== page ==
Saturday, 28 Nov 2020

Prince Charles could solve a 550 year old royal mystery when he becomes King

One of the benefits of being a royal is that there's no need to sign up to ancestry.com to find out your family tree – there's loads of books about it already.

But as in all families, there are nooks and crannies in the Royal Family that have been overlooked or ignored… but historians are hopeful that one mystery will finally be solved when Prince Charles takes the throne.

The debate surrounding the fate of King Edward V and Richard of Shrewsbury, known as the Princes in the Tower, is one that has raged for centuries.

They were the only surviving sons of King Edward IV and Elizabeth Woodville at the time of their father’s death in 1483.

Aged just 12 and 9, the brothers were lodged in the Tower of London by Richard, Duke of Gloucester, supposedly in preparation for Edward’s looming coronation.

But Edward and his brother were soon declared illegitimate and their uncle ascended the throne, becoming King Richard III.

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Their fate remains a mystery to this day, as both boys vanished, but the prevailing theory is that they were both murdered almost 550 years ago.

Fuelling the belief that they were both killed so that their uncle could seamlessly take the throne without obstruction, two small human skeletons were found in the Tower of London in 1674.

On the orders of King Charles II, the bones were placed in an urn and interred at Westminster Abbey.

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The remains were removed and examined in 1933 and, by measuring certain bones and teeth, archivist Lawrence Tanner concluded the bones belonged to two children around the correct ages for the princes.

But was that really them?

In 1789, workmen carrying out repairs at Windsor’s St George’s Chapel accidentally broke into Edward IV’s vault, discovering a small adjoining vault in the process.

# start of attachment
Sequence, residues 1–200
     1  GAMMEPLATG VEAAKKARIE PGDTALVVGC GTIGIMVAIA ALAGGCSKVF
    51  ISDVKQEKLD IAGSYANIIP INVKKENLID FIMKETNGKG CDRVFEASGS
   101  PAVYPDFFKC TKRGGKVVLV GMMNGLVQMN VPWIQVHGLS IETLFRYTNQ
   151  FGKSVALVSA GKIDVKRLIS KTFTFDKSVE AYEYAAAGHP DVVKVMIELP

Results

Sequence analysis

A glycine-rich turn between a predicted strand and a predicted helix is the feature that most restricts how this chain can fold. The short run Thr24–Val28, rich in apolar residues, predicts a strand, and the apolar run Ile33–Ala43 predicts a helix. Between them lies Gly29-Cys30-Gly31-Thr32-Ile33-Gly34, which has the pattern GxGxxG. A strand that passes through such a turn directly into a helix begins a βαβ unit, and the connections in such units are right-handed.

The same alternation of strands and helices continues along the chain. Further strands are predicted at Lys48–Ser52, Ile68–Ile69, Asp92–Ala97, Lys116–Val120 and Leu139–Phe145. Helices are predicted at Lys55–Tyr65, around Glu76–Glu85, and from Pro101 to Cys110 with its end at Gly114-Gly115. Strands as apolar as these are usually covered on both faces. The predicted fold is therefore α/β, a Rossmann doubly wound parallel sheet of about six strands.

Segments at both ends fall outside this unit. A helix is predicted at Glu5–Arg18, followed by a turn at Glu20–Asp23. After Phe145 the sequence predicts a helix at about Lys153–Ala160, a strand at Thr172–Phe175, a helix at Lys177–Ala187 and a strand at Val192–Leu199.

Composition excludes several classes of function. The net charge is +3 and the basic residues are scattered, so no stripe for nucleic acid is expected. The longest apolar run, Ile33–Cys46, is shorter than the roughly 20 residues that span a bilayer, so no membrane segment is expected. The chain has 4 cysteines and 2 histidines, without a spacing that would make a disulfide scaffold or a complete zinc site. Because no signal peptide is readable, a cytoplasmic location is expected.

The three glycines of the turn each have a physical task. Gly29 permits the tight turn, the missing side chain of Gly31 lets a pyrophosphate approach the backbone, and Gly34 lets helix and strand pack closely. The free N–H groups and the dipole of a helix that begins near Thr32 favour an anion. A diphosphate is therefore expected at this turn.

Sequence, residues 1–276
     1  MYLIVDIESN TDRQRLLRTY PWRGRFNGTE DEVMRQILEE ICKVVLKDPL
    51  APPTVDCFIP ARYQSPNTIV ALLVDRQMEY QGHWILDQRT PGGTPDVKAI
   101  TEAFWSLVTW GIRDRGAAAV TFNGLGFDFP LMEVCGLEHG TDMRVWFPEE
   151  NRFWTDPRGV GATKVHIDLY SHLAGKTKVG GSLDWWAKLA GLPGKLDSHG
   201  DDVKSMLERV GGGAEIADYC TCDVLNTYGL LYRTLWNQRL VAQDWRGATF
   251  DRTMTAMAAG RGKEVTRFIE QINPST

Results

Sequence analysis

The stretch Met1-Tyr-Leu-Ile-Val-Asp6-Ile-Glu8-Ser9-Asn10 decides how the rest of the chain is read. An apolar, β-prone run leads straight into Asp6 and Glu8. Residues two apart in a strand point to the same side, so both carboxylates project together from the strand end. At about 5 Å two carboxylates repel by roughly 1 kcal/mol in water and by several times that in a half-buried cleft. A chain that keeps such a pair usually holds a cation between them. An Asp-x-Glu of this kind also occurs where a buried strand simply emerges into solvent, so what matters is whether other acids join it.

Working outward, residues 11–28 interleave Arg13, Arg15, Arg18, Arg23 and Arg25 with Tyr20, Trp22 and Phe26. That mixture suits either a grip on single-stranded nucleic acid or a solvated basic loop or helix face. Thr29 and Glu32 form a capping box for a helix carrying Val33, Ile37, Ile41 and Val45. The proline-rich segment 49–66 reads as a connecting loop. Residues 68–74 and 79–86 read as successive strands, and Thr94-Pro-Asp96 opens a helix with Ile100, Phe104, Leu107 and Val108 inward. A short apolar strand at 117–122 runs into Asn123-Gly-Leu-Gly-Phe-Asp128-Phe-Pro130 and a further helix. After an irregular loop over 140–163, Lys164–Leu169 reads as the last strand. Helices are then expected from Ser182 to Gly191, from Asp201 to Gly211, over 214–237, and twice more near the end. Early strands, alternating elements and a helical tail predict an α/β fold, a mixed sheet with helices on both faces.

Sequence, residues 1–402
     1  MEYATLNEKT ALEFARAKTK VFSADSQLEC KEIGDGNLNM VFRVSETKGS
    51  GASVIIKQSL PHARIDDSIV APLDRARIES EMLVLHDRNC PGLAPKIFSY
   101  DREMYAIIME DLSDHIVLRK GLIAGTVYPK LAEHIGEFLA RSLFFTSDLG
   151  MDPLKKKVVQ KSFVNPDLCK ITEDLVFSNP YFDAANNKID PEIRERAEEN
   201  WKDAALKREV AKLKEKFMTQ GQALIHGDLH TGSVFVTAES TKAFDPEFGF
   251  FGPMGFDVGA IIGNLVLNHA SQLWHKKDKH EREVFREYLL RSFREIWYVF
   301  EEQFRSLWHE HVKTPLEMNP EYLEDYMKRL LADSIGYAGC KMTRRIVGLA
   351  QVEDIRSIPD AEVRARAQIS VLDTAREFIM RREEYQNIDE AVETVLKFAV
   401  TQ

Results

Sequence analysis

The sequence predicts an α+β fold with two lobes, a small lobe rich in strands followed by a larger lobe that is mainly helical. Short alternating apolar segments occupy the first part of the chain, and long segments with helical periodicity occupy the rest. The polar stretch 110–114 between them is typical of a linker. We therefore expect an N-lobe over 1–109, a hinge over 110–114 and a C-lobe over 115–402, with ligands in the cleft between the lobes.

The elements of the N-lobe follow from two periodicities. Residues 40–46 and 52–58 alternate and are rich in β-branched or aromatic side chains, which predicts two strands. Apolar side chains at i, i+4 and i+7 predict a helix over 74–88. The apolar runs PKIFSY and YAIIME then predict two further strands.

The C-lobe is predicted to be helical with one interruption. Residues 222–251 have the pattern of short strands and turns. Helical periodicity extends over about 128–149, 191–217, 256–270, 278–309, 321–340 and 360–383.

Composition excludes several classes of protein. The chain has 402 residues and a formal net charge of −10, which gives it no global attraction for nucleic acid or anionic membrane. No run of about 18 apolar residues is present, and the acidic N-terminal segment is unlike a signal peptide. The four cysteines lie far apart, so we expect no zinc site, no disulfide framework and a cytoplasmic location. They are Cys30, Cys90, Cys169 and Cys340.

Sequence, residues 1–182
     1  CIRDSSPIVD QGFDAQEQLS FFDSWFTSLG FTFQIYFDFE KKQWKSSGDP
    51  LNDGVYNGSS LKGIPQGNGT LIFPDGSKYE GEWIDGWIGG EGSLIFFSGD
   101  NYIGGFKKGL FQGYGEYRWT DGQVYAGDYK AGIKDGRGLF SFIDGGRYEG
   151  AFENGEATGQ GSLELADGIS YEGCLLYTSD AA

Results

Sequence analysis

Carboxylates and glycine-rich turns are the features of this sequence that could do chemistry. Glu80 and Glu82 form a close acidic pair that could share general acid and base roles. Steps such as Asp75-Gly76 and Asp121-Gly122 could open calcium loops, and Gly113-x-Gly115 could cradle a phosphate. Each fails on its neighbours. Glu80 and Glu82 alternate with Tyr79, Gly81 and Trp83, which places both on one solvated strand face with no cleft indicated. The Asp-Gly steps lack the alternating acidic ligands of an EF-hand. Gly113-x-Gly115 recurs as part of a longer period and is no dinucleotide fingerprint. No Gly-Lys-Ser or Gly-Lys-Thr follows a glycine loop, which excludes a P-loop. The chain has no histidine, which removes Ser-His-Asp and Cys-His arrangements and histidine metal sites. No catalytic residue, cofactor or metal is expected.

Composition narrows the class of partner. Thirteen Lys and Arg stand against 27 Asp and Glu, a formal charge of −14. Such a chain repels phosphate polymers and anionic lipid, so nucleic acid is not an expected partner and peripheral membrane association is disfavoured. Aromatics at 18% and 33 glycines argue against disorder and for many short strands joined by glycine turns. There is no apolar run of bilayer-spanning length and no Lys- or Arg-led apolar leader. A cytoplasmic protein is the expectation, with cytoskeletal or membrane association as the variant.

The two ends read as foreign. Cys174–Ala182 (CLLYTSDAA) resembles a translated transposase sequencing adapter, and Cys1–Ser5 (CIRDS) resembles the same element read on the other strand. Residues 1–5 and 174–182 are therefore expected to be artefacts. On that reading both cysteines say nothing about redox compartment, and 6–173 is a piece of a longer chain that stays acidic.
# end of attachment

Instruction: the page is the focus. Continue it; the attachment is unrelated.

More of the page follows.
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In this, they found two unidentified children but no inspection was carried out and the tomb was resealed.

Centuries later in the late 1990s, a request was made to re-examine the vault as workmen carried out jobs on Edward IV's tomb, but Queen Elizabeth II never granted her approval.

Without the OK of the monarch, no access can be granted, but it is hoped that Prince Charles will recognise the historical significance of further investigation.

However, not everyone thinks that the lads met a grisly end.

Historical author Matthew Lewis argued in a 2014 History Extra debate that they were not murdered at the hands of their uncle, and the rumours surrounding their fate stems from the imagination of William Shakespeare, who brought the rumour to life in his play, Richard III.

He said: “Only Shakespeare made it fact for his work of fiction – a story that has become the history. The Bard invented facts as well as words.

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“Any plot by Richard III to murder the princes to remove their threat rested upon publicising their deaths. That he allowed uncertainty strongly suggests this was not his plan.

“If they died, who really benefitted? Plenty won – but not Richard.

“Is it not fatuous to blame a man for a crime with no evidence even of a crime, let alone his guilt, because a playwright says so?”

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